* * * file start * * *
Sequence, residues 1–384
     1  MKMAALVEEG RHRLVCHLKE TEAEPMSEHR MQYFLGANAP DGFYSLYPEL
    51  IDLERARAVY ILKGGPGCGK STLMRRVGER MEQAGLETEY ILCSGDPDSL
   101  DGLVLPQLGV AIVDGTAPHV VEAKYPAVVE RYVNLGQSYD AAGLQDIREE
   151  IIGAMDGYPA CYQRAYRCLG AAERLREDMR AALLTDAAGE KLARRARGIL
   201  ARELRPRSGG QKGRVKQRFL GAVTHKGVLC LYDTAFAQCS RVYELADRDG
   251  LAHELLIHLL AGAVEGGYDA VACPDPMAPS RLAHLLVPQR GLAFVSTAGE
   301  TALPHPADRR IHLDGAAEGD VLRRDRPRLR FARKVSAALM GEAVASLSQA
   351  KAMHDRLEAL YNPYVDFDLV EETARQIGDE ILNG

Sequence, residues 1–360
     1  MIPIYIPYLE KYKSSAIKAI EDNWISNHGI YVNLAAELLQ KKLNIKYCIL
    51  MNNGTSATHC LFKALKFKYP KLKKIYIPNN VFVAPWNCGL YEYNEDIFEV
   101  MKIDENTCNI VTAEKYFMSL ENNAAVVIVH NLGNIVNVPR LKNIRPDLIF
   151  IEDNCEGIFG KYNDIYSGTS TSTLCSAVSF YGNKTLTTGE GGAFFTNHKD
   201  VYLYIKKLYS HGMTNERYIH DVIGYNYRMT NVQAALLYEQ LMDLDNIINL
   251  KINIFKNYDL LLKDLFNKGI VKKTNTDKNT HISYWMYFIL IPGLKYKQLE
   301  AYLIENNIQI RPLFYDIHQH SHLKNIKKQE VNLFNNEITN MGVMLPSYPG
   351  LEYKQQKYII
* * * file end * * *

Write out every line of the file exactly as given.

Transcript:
Sequence, residues 1–384
     1  MKMAALVEEG RHRLVCHLKE TEAEPMSEHR MQYFLGANAP DGFYSLYPEL
    51  IDLERARAVY ILKGGPGCGK STLMRRVGER MEQAGLETEY ILCSGDPDSL
   101  DGLVLPQLGV AIVDGTAPHV VEAKYPAVVE RYVNLGQSYD AAGLQDIREE
   151  IIGAMDGYPA CYQRAYRCLG AAERLREDMR AALLTDAAGE KLARRARGIL
   201  ARELRPRSGG QKGRVKQRFL GAVTHKGVLC LYDTAFAQCS RVYELADRDG
   251  LAHELLIHLL AGAVEGGYDA VACPDPMAPS RLAHLLVPQR GLAFVSTAGE
   301  TALPHPADRR IHLDGAAEGD VLRRDRPRLR FARKVSAALM GEAVASLSQA
   351  KAMHDRLEAL YNPYVDFDLV EETARQIGDE ILNG

Sequence, residues 1–360
     1  MIPIYIPYLE KYKSSAIKAI EDNWISNHGI YVNLAAELLQ KKLNIKYCIL
    51  MNNGTSATHC LFKALKFKYP KLKKIYIPNN VFVAPWNCGL YEYNEDIFEV
   101  MKIDENTCNI VTAEKYFMSL ENNAAVVIVH NLGNIVNVPR LKNIRPDLIF
   151  IEDNCEGIFG KYNDIYSGTS TSTLCSAVSF YGNKTLTTGE GGAFFTNHKD
   201  VYLYIKKLYS HGMTNERYIH DVIGYNYRMT NVQAALLYEQ LMDLDNIINL
   251  KINIFKNYDL LLKDLFNKGI VKKTNTDKNT HISYWMYFIL IPGLKYKQLE
   301  AYLIENNIQI RPLFYDIHQH SHLKNIKKQE VNLFNNEITN MGVMLPSYPG
   351  LEYKQQKYII